Roasted Rutabaga Recipe
This Roasted Rutabaga Recipe is an easy low-carb side dish that tastes like real potatoes minus the carbs.
These crispy rutabaga cubes are also gluten-free and vegan.
Unfortunately, rutabaga, or the similar turnip, are forgotten vegetables, and there are not many rutabaga recipes.
However, it’s a vegetable that you can cook as potatoes to make any delicious side dish to Broiled Pork Chops.
Today, I am going to show you how to make roasted rutabaga cubes that are actually crispy and good.
How To Make Oven-Roasted Rutabaga
If you’ve never cooked a rutabaga before, roasting rutabagas is as easy as roasted potatoes.
All you need to roast rutabaga are:
- Fresh Rutabaga – The vegetables should be firm, not soft, with vibrant purple colors at their feet.
- Avocado Oil or olive oil
- Sea Salt
- Garlic Powder
- Dried Oregano
- Onion Powder
You don’t have to use all the spices listed above, but rutabaga tends to be a little sweet, and spices enhance the savory flavor of the dish.
There are a few ways to cut rutabaga, depending on which recipe you are making.
For rutabaga fries, cut them into large rectangles or cut the rutabaga in cubes to roast, air fry, or boil them.
First, cut off the top hard part of the vegetable with a long sharp knife.
Then, use a vegetable peeler to peel off the skin of the vegetable.
Finally, place the rutabaga on its flat side and cut it into 3 thick slices. Feel free to cut into more slices if you are using large rutabagas.
Place each layer flat on a cutting board and slice them into 0.7-inch cubes (1.5 cm).
Preheat oven to 425°F (220°C). Line a large baking sheet with parchment paper. Set it aside.
In a large mixing bowl, add the rutabaga cubes and drizzle oil and spices on top. Then, use a spatula or your hands to toss the rutabagas cubes and cover them evenly with oil and spices.
Spread the cubes in a single layer on the prepared baking sheet.
Bake in the center rack of the oven for 30 minutes, shaking the cubes halfway through to evenly roast all sides.
Stop baking when they are golden brown, crispy on the edges, and fork-tender.
Serving Roasted Rutabaga
It’s best to serve rutabaga straight out of the oven, or they soften quickly. Adjust them with salt and pepper and serve them with chopped parsley or herbs you love.
Serve as a side dish to meat, fish, or some of the following dish suggestions.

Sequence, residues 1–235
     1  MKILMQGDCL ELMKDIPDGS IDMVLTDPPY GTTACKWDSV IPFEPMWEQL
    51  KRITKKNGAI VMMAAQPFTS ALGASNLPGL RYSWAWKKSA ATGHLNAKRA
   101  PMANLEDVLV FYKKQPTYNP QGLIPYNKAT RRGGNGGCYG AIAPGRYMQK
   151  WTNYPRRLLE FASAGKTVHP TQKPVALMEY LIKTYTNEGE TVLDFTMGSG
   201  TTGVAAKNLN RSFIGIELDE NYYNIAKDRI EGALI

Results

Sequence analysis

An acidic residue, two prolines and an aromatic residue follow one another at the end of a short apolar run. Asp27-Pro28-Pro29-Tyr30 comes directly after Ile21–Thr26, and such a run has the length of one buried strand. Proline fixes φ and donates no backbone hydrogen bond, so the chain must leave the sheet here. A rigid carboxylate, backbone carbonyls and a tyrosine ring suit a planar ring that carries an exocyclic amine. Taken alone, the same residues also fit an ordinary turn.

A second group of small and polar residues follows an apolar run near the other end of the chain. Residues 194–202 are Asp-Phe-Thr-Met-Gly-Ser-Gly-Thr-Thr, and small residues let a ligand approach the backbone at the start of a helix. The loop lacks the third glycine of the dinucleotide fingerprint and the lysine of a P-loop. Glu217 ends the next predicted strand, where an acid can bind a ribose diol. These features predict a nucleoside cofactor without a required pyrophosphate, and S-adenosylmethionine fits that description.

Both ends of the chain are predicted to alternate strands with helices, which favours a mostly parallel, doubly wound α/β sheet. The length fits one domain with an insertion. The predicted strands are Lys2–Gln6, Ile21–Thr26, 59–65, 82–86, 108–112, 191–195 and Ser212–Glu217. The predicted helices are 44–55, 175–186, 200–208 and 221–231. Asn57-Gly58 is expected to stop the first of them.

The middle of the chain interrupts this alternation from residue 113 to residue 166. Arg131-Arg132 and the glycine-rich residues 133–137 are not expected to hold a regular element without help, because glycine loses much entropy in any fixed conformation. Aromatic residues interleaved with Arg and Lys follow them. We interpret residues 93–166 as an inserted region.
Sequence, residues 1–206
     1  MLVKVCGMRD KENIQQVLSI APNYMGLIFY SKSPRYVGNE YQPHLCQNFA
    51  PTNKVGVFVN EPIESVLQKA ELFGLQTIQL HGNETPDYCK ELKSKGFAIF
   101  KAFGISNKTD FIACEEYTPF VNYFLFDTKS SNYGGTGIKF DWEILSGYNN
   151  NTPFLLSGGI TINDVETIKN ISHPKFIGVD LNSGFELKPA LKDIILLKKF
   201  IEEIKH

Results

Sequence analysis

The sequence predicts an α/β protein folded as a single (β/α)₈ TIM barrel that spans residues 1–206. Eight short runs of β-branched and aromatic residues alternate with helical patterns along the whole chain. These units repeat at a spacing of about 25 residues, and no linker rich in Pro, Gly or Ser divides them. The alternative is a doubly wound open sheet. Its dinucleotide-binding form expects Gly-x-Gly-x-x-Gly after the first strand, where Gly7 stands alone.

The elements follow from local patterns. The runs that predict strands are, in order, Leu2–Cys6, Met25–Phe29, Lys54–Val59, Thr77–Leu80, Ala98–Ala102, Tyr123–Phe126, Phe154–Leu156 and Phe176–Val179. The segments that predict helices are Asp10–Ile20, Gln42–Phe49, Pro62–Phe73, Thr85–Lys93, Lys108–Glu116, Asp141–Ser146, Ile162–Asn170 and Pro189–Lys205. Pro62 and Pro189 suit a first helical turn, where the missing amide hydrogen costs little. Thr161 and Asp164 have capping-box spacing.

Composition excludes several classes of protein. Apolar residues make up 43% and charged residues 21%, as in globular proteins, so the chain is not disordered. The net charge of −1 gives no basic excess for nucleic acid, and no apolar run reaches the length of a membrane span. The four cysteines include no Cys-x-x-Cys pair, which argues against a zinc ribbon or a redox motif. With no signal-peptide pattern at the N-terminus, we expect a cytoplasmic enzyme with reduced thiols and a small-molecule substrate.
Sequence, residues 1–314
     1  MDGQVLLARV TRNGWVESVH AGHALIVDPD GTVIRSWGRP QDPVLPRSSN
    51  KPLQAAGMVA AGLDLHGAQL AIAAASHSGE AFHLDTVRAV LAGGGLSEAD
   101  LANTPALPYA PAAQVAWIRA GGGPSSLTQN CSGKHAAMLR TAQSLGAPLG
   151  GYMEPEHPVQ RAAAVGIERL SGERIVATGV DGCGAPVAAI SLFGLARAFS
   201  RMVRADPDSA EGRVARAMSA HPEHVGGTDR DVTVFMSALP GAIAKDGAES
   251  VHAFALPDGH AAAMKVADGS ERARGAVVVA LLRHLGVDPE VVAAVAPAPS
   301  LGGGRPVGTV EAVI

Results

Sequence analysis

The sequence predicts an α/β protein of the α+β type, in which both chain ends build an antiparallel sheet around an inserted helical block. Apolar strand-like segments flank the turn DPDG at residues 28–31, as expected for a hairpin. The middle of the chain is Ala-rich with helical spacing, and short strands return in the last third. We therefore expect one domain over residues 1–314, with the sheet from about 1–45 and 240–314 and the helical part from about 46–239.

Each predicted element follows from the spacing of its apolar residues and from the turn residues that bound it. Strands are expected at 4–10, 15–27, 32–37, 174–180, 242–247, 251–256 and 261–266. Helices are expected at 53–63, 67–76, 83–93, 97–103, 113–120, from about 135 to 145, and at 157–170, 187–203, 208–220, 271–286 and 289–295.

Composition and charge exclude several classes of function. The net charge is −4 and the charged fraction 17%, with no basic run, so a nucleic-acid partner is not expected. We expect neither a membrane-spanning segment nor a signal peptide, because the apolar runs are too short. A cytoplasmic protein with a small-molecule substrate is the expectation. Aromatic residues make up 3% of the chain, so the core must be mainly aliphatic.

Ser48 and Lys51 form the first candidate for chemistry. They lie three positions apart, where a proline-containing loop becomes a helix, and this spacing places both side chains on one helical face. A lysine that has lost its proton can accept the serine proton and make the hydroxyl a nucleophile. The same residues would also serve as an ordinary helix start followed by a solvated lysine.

- Cast-Iron Chicken Breast – or any of my Keto Chicken Recipes.
- Creamy Spinach Chicken
- Broiled Pork Chops
- Tuscan Chicken
- Almond Flour Chicken Tenders
- Lemon Pepper Chicken
- Keto Chicken Nuggets
- Baked Pork Chops
How To Cook Rutabaga
There are many ways you can cook rutabagas. You can:
- Bake rutabaga like in this recipe
- Air fry rutabaga
- Boil rutabaga to make rutabaga mash
For the oven method, people make three common mistakes when they roast rutabaga and end up with soft mushy vegetables.
So let me share three tips to make rutabaga crispy and delicious every time.
Rule 1: Roast At 425°F (220°C)
The most common mistake people make when roasting rutabaga is to set the oven to less than 425°F (220°C).
As a result, the vegetables get mushy and stay soft.
Rule 2: Cut In Large Cubes
Rutabaga must be cut in larger cubes than potatoes or they won’t crisp very well.
I recommend 0.7-inch cubes.
Rule 3: Use High-Smoke Point Oil
High smoke point oils resist to high temperature better. They won’t smoke in the oven and will create the best golden roasted color to vegetable.
The best high-smoke point oil option is avocado oil.
Frequently Asked Questions
Here are my answers to your most frequent questions about rutabaga.
Rutabaga has a similar texture to potatoes, but it’s less starchy, with sweet notes like carrots.
A rutabaga is a round tough root vegetable with a size between an orange and a pomelo.
It has a brownish gradient color that turns light purple on the top.
Yes, both vegetables are low-carb and cook in a similar way.
In terms of taste, the turnip is less sweet. It tastes more like cabbage or radish.
Rutabaga, also called swede in New Zealand and in the United Kingdom, is very similar to turnips.
Both root vegetables are easily interchangeable in recipes.
But turnips are generally white with a purple color on top, while rutabagas are yellowish with a brown-purple top.
In terms of flavors, rutabaga is sweeter and closer to carrots, while turnips taste more like radish.
Yes, you can use this recipe to air fry rutabaga cubes.
Reduce the oil to two tablespoons and air fry for 20 to 25 minutes at 350°F (180°C).
More Vegetable Side Dish Recipes
Here are some healthy vegetable side dish recipes, including more roasted vegetables for you to try.
Have you tried this roasted rutabaga recipe? Share a comment or review below.
Did You Like This Recipe?
Roasted Rutabaga Recipe
Meal Types:Side Dish
The recipes, instructions, and articles on this website should not be taken or used as medical advice. You must consult with your doctor before starting on a keto or low-carb diet. The nutritional data provided on Sweetashoney is to be used as indicative only.
The nutrition data is calculated using WP Recipe Maker. Net Carbs is calculated by removing the fiber and some sweeteners from the total Carbohydrates. As an example, a recipe with 10 grams of Carbs per 100 grams that contains 3 grams of erythritol and 5 grams of fiber will have a net carbs content of 2 grams. Some sweeteners are excluded because they are not metabolized.
You should always calculate the nutritional data yourself instead of relying on Sweetashoney's data. Sweetashoney and its recipes and articles are not intended to cure, prevent, diagnose, or treat any disease. Sweetashoney cannot be liable for adverse reactions or any other outcome resulting from the use of recipes or advice found on the Website.